For three years, I lived in an apartment in Jerusalem next to a bus stop. The rhythm of my life quickly adapted to the bus schedule. Just by looking out my bedroom window, I knew exactly when to leave the house in order to catch the bus.
When I returned to California, I assumed my life's association with buses would end. But this was not to be. I live in a neighborhood where buses abound. And they're just as loud as those of Jerusalem. But the associations couldn't be more different.
In Israel, a bus represented a possible tomb. Each passenger a could-be suicide bomber. Taking the bus becomes a statement -- a statement of defiance in the face of unrelenting terrorism and the constant threat of death.
I had friends who stopped taking the bus in favor of taxis. Or if they saw someone who looked suspicious board the bus, they jumped off and waited for the next to come along. Here, boarding a bus means getting to where you need to go.
While the buses are different, so is the experience of Chanukah. Growing up, my family always lit a single menorah in an interior room of the house. In Israel, I learned the menorah is supposed to be placed near a window looking out onto the street to publicize the holiday, and each member of the household should light his own.
I quickly grew to love this enhanced way of honoring events that happened some 2,000 years ago.
We all know the story of Chanukah. The Greeks occupied the land of Israel and commandeered our Holy Temple. They outlawed many of our religious practices and defiled the Temple. Then a group of Jews known as the Maccabees rebelled, drove the Greeks out and reclaimed the Temple. Topping off the victory, a flask of oil meant to last just one day, miraculously burned for eight.
But the battle of Greek vs. Jew ran much deeper than a mere physical occupation of our land. It was the battle of the two great forces -- spirituality vs. physicality.
Greek culture placed beauty and intellect above spirituality and religion. It honored and revered all that the physical world represented. In their aspiration for aesthetic idealism, however, the Greeks denied the transcendence of the human spirit and rejected any notion of metaphysical reality.
Thus it should not surprise us that the Greeks fought so desperately to uproot Torah, the spiritual compass for morality and spirituality.
Judaism teaches that the potential for human greatness is achieved not through the ascendancy of the physical, but by subjugation of the physical to the spiritual. We strive to break through the bounds of physical limitation and aspire for a higher reality, one that lies beyond materialism, beyond superficiality.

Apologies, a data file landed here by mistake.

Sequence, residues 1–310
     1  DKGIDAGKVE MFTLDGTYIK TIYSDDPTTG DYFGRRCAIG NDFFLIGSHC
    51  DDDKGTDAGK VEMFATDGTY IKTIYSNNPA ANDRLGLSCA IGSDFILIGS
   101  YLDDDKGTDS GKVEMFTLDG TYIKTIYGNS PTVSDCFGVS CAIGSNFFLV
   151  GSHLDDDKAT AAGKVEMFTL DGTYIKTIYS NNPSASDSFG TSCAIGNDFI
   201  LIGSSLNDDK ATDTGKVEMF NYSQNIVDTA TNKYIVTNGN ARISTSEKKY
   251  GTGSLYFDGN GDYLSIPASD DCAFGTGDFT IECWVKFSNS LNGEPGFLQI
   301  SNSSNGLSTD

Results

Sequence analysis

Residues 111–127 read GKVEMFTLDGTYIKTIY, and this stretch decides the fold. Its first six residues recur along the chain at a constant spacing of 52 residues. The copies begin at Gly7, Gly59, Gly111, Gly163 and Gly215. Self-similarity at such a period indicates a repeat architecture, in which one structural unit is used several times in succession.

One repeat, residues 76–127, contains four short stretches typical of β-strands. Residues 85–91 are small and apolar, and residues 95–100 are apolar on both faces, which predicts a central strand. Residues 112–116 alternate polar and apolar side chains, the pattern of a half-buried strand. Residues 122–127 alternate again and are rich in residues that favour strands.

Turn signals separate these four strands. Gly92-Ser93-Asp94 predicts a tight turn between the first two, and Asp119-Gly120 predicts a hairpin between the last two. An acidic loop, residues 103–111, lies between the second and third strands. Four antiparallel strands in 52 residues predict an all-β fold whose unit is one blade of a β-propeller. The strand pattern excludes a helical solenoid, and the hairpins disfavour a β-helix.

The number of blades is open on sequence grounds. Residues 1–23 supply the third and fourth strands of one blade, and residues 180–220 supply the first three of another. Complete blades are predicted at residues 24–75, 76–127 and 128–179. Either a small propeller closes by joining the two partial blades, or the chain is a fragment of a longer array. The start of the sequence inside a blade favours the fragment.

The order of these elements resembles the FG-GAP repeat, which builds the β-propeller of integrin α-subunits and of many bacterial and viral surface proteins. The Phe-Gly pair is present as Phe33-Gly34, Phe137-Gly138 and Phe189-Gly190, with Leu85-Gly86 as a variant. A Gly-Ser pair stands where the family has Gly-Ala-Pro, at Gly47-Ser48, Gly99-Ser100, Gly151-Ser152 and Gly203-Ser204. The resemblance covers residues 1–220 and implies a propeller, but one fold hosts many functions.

The Greeks enjoyed a high measure of success in "converting" Jews who succumbed to the attractions of Greek secular life. These Jews, known as Hellenists, thrived in the cultural ambivalence offered by the Greeks to such an extent, that Jewish tradition was on the verge of disintegration.
The Jewish people had survived attempts by the Babylonians and the Persians to destroy them physically and spiritually, but never before had a movement from within sought to redefine the beliefs and practices that had shaped the Jewish national character since the time of Abraham.
Ultimately, the Macabbees routed the Greeks, the Temple was rededicated, the oil miraculously burned for eight days and the Hellenists were discredited. And just who were these victorious Macabbees? None other than the Cohanim, or the priests, of the nation.
On Chanukah, therefore, we celebrate the victory of traditional Jewish culture over both the external forces that strove to overturn it, and the forces within that wished to dilute it.
Today we find ourselves in much the same shoes, but in an even more complicated mixture. Ideological sects lay claim to spiritual authenticity, separatist movements labor to set themselves apart and multiculturists demand a coming together. Terrorism, ethnic cleansing and hate crimes prod us to wonder if we may not be better off abandoning our culture and religion.
Had the ancient Greeks not sensed their beliefs were threatened by Jewish monotheism, they would not have fought so desperately to crush Judaism. Had the Hellenist Jews felt more secure in the traditions of their ancestors, they would never have contemplated compromising their heritage by pursuing Greek culture with such fervor.
The one who knows what he believes and why is both immune to the attraction of foreign culture and tolerant of sincere alien belief. He will be neither bullied nor seduced by the philosophies of others, because he is secure in his own. He will be able to live in harmony with others and work together for the common welfare without sacrificing his ideals or compromising his values.
One of the timeless lessons of Chanukah is that the light endures. For more than 2,000 years, the lights of Chanukah have burned as a symbol of spiritual wisdom. And it is the menorah that represents the way the soul finds its expression in this world. No matter how much darkness surrounds us, we still light the menorah, because we know who we are and who we can be.
This year, proudly place your menorah in a spot where the outside world can gaze in and see your spiritual light illuminate the darkness. Because sometimes a bus ride isn't just a bus ride. Â
Marisa N. Pickar is a freelance journalist living in Laguna Woods.
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